Special Issue of Industrial Marketing Management


Marketing of High-Technology Products, Services and Innovations; Guest Editors: Shikhar Sarin and Jakki Mohr; Deadline 1 Apr 2007

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From: "Peter LaPlaca" <pjlaplaca@snet.net>
Date: Fri, 12 May 2006 09:02:52 -0400


Marketing of High-Technology Products, Services and Innovations


Guest Editors: Shikhar Sarin and Jakki Mohr

High-technology products, services and innovations are introduced in turbulent, time and information intensive environments, where the odds of success are often difficult to ascertain.  Because of the complexity of the high-tech environment, identifying, implementing, and evaluating marketing strategies is equally complicated.  Increasingly underlying knowledge constitutes a large part of the value of technologically-based products.  Enhanced theoretical and managerial understanding of marketing for these products is warranted.

The special issue of Industrial Marketing Management invites manuscripts submissions that contribute theoretically, methodologically, and substantively to our understanding of this important and complex topic. Although the range of possible topics is quite wide, the list below gives an idea of the areas that are particularly suitable for the special issue.  We encourage and welcome a variety of research methodologies that would be appropriate to address problems in these research areas.

All manuscripts submitted for this special issue should be consistent with the editorial objectives and philosophy of the Industrial Marketing Management: http://www.sciencedirect.com/science/journal/00198501

Please submit manuscripts as MSWord attachments to e-mail directly to Shikhar Sarin Ssarin@boisestate.edu or Jakki Mohr Jakki.Mohr@business.umt.edu with a copy to the journal editor plaplaca@journalimm.com. IMM only reviews manuscripts that are not under consideration for publication at another journal or that have not been previously published either in whole or part in any other publication.


  • Defining characteristics of the high-technology environment, and their implications for marketing strategies;
  • The role of network externalities and industry standards in the development of high-tech markets;
  • The degree to which marketing must be modified and adapted for high-technology environments;
  • The effects of market orientation (market-driven/market-driving) or customer orientation on high-technology marketing strategies/new product success;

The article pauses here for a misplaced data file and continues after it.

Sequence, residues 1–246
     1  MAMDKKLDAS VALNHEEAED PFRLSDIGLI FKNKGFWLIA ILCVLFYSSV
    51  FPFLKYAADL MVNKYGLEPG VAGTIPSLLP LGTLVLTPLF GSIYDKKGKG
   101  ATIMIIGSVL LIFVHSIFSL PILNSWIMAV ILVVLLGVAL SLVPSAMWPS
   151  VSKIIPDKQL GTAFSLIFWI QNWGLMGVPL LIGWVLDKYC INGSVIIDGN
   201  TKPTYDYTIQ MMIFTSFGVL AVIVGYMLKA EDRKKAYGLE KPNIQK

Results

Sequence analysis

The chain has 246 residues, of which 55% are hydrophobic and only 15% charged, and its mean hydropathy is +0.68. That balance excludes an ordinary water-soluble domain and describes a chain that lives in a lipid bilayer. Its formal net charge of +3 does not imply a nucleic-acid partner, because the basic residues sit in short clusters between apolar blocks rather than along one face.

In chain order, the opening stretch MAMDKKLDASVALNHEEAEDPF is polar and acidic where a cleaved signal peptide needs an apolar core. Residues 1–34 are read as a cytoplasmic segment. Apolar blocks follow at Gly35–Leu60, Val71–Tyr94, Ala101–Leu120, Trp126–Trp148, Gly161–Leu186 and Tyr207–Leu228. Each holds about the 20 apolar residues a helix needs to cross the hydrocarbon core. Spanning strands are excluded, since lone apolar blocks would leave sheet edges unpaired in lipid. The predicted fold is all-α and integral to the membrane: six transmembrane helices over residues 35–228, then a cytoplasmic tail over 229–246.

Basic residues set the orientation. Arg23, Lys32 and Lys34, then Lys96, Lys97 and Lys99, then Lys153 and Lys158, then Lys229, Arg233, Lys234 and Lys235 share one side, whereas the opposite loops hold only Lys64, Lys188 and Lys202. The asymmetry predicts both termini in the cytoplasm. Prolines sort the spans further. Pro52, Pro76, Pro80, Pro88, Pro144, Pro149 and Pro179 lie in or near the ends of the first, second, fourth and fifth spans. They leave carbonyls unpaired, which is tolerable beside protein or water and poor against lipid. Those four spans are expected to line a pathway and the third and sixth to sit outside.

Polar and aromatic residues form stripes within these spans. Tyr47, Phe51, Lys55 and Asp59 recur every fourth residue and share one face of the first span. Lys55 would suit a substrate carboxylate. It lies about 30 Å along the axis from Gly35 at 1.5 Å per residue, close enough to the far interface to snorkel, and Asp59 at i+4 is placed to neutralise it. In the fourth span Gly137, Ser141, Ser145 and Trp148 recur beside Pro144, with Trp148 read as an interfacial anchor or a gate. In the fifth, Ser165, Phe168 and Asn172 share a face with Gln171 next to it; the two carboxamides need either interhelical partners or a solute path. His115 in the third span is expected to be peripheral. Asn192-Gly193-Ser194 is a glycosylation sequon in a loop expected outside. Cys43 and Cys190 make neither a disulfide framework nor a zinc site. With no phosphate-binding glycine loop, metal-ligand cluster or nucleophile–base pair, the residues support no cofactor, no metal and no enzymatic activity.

• Forecasting methodologies for high-technology products;
  • R&D/Marketing interaction;
  • Market research tools for high-tech products (such as empathic design; lead users);
  • Strategy and corporate culture in high-technology firms;  
  • Partnering strategies, strategic alliances, and issues particularly pertinent to high-technology firms;
  • Intellectual property considerations; 
  • Distribution and supply chain management concerns of high-tech marketers;
  • Pricing considerations unique to high-tech products;
  • Advertising and promotion considerations of particular importance for high-tech products;
  • Sales of technology-related products/know-how at multiple stages of development (technology licensing of know-how; proof of concept; components; final products, etc.);
  • Product development and management considerations in high-tech companies;
  • How high-tech companies can avoid commoditization (for example, through CRM, adding a services revenue stream, etc.)
  • Understanding customer behavior in high-tech markets, and implications for marketing, e.g., 
    • The Chasm and beyond 
    • Segmentation strategies
    • Adoption/Diffusion of innovation
  • Antitrust considerations unique to high-tech contexts
  • Societal and public policy considerations (such as the Digital Divide) for high-tech products

A variety of research contexts for testing the theories and models would be appropriate, such as consumer electronics, telecommunications, information technology hardware and software, and biotechnology – as long as generalizeable conclusions are drawn and presented by the authors.


Although marketing via the Internet is technology-driven, manuscripts on this topic would be suitable for this special issue only to the extent that they illuminate marketing for high-technology products in a unique and meaningful way.  Hence, examining issues related to Internet marketing for more traditional products—say books or apparel—would not be consistent with the focus of this special issue.  Nor would merely using the Internet as a context for marketing of high-technology products.  Authors of manuscripts for Internet-related research are encouraged to submit papers applying the internet in B2B situations for non-high tech products and services to a regular issue of Industrial Marketing Management or for B2C applications to consider other outlets, such as the Journal of Interactive Marketing, or the International Journal of Electronic Commerce.